a_{cl}= s(s + a)(1 + sT ) + kps+ ki= s^{3}T+ s^{2}(1 + aT ) + 2ζ ωcs+ ω_{c}^{2}.

3.3. USING FEEDBACK TO FOLLOW COMMAND SIGNALS 3-11
It follows from the Routh-Hurwitz criterion (3.8) that the closed loop system is
stable ifω_{c}^{2}T < 2ζ ωc(1 + aT ) or if

ω_{c}<2ζ (1 + aT )

T .

The frequencyω_{c}and the achievable response time are thus limited by the unmod-
eled dynamics represented by T .

3.3 Using Feedback to Follow Command Signals

Another major application of feedback is to make a system output follow a com- mand signal. It is called the servo problem. Cruise control and steering of a car, tracking a satellite with an antenna or a star with a telescope are some examples.

Other examples are high performance audio amplifiers, machine tools and indus- trial robots.

To illustrate command signal following we will consider the system in Fig- ure3.2where the process is a first order system and the controller is a PI controller.

The transfer functions of the process and the controller are P(s) = b

s+ a, C(s) =kps+ k_{i}

s . (3.22)

Since we will focus on following the command signal r we will neglect the load disturbance, v= 0. It follows from equation (3.12) that the transfer function from the command signal r to the output y is

Gyr(s) = P(s)C(s)

1+ P(s)C(s)= bk_{p}s+ bk_{i}
s+ (a + bkp)s + bki

. (3.23)

Since Gyr(0) = 1 it follows that r = y when r and y are constant, independent of the values of the parameters a and b, as long as the closed loop is stable. The steady state output is thus equal to the reference, a useful property of controllers with integral action.

To determine suitable values of the controller parameters kpand ki we proceed as in Section 3.2by choosing controller parameters that makes the closed-loop characteristic polynomial

acl(s) = s^{2}+ (a + bk_{p})s + bk_{i} (3.24)
equal to s^{2}+ 2ζ ωcs+ ω_{c}^{2} withζ > 0 and ω > 0. Identifying coefficients of equal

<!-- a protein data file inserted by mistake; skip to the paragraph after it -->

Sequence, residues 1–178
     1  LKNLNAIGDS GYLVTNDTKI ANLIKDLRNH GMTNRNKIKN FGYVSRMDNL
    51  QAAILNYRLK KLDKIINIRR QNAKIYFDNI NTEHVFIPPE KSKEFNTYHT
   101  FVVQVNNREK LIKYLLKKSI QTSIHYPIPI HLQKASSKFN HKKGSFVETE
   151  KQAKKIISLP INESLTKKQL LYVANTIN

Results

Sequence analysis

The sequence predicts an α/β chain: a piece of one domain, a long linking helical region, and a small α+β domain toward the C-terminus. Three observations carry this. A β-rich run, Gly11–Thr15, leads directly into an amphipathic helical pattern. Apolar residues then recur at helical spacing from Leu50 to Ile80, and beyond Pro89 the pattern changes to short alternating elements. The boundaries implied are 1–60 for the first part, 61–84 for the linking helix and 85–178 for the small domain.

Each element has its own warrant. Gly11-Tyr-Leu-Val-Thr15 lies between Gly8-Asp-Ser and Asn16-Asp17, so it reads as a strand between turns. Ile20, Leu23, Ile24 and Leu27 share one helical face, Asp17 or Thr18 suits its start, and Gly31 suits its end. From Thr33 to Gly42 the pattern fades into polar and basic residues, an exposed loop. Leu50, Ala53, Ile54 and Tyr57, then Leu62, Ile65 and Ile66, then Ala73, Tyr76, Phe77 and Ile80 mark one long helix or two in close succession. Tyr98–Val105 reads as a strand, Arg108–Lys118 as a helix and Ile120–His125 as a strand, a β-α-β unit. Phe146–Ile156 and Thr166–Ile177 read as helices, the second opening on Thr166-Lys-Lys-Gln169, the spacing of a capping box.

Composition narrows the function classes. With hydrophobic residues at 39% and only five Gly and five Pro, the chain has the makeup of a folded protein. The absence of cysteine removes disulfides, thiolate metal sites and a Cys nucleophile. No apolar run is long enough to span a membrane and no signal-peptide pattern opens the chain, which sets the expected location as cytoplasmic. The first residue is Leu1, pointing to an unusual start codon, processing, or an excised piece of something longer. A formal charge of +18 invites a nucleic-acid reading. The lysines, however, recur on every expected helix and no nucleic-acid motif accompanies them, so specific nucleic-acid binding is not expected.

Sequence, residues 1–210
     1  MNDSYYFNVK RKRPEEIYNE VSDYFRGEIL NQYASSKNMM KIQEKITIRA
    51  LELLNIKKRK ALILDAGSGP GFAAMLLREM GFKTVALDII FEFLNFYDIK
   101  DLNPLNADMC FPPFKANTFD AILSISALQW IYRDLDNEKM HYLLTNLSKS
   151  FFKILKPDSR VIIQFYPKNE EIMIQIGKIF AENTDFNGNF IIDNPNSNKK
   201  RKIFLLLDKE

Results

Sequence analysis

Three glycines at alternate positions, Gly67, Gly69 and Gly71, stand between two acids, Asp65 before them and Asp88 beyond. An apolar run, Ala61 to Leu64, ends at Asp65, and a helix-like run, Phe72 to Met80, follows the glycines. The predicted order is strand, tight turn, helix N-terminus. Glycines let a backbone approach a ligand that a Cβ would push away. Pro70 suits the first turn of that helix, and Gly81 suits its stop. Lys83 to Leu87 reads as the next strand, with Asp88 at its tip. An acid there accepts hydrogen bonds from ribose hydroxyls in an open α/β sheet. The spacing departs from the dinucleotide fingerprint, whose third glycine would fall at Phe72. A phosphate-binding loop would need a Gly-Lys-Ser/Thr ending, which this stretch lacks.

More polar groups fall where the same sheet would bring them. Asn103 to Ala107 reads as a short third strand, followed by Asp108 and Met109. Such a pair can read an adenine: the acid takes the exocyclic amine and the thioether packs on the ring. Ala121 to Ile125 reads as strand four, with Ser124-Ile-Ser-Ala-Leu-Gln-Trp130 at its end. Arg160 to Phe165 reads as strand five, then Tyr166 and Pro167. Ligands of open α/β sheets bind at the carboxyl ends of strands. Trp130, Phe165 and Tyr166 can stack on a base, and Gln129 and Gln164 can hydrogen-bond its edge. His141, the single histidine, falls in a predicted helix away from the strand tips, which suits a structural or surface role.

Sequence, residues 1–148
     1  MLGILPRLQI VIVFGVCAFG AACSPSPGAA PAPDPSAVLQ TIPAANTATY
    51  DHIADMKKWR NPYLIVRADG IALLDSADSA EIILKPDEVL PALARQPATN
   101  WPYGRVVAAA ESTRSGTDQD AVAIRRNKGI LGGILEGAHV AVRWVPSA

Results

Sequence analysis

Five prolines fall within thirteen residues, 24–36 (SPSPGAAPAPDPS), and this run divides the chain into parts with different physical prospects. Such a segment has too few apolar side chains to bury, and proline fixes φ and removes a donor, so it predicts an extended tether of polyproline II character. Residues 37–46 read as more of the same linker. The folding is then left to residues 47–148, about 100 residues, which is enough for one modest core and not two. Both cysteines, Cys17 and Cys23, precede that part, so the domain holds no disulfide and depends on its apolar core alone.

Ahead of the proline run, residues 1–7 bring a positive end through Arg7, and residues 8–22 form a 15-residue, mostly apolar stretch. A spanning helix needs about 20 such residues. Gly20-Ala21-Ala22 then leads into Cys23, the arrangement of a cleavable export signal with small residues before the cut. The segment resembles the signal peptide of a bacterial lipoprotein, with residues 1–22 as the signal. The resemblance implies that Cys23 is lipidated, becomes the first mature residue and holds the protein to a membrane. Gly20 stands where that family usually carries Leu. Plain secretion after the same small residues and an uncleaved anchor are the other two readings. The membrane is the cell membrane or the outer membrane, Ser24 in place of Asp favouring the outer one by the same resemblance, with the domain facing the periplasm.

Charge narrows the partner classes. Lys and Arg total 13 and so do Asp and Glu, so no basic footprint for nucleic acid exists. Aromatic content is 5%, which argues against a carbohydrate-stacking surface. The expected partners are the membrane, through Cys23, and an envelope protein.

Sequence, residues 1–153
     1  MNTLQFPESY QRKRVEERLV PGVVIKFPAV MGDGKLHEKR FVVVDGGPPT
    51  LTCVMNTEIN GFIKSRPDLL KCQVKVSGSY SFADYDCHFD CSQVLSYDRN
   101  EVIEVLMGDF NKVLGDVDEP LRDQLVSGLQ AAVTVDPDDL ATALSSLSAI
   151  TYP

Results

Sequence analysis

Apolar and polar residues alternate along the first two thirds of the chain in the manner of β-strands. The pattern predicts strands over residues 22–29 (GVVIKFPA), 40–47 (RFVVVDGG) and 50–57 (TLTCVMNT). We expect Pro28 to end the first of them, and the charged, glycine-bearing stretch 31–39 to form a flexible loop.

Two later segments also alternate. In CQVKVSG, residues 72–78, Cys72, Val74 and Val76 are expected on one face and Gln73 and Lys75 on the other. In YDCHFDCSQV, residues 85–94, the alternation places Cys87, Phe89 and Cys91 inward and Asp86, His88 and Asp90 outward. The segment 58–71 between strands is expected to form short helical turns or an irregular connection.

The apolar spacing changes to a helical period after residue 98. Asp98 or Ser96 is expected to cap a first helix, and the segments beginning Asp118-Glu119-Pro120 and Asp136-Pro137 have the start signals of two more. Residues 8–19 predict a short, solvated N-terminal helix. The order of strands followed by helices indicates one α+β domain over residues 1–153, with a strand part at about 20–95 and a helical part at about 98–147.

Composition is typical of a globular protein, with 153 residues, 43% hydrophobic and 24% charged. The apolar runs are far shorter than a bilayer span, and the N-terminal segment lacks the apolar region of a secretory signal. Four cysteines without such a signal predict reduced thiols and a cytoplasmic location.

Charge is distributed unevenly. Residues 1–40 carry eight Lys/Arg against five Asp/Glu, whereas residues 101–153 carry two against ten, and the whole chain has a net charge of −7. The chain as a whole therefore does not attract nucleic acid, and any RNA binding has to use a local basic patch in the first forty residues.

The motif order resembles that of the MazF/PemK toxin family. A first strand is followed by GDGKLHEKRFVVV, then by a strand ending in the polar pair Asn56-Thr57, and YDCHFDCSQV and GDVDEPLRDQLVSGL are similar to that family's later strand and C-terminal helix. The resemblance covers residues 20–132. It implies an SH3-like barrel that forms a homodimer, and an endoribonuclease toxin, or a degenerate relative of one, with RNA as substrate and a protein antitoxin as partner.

powers of s in these polynomials give

kp= 2ζ ω_{c}− a

b , ki=ω_{c}^{2}

b . (3.25)

Notice that integral gain increases with the square of ω_{c}. Figure 3.4 shows the
output signal y and the control signal u for different values of the design parameters
ζ and ω_{c}. The response time decreases with increasingω_{c} and the initial value of
the control signal also increases because it takes more effort to move rapidly. The

0 2 4 6 0

0.5 1 1.5

ω_{c}

0 2 4 6

-2 0 2 4

ω_{c}

ω_{c}t

uy

0 2 4 6

0 0.5 1 1.5

ζ

0 2 4 6

-2 0 2 4

ζ

ω_{c}t

uy

Figure 3.4:Responses to a step change in the command signal for different values of the design parameters. The left figure shows responses for fixedζ = 0.707 and ωc= 1, 2 and 5. The right figure shows responses for ωc= 2 and ζ = 0.5, 0.707, and 1. The process parameters are a= b = 1.

overshoot decreases with increasingζ . For ω_{c}= 2, the design choice ζ = 1 gives
a short settling time and a response without overshoot.

It is desirable that the output y will track the reference r for time-varying ref- erences. This means that we would like the transfer function Gyr(s) to be close to 1 for large frequency ranges. With the controller parameters (3.25) it follows from Figure3.2that

Gyr(s) = P(s)C(s)

1+ P(s)C(s) =(2ζ ωc− a)s + ωc^{2}

s^{2}+ 2ζ ωcs+ ω_{c}^{2} .

It is thus desirable to have a largeω_{c}to be able to track fast changes in the reference
signal. The frequency response of Gyr gives a quantitative representation of the
tracking abilities.

Coontrollers with Two Degrees of Freedom

The control law in Figure3.2has error feedback because the control signal u is generated from the error e= r −y. With proportional control, a step in the reference signal r gives an immediate step change in the control signal u. This rapid reaction can be advantageous, but it may give large overshoot, which can be avoided by a replacing the PI controller in equation (3.15) with

u(t) = kp

!β r(t) − y(t)"

+ ki

& t

0 (r(τ) − y(τ))dτ, (3.26) In this modified PI algorithm, the proportional action only acts on the fractionβ of the reference signal. The transfer functions from reference r to u and from output

3.3. USING FEEDBACK TO FOLLOW COMMAND SIGNALS 3-13

Controller

βkp+ki

s P

(1 −β)kp

Σ Σ Σ

r e u y

−1 v

Figure 3.5:Block diagram of a closed-loop system with a PI controller having an architec- ture with two degrees of freedom.

yto u are

C_{ur}(s) = β k_{p}+k_{i}

s, C_{uy}(s) = k_{p}+k_{i}

s = C(s). (3.27)

The controller (3.26) is called a controller with two degrees of freedom since the transfer functions Cur(s) and Cuy(s) are different.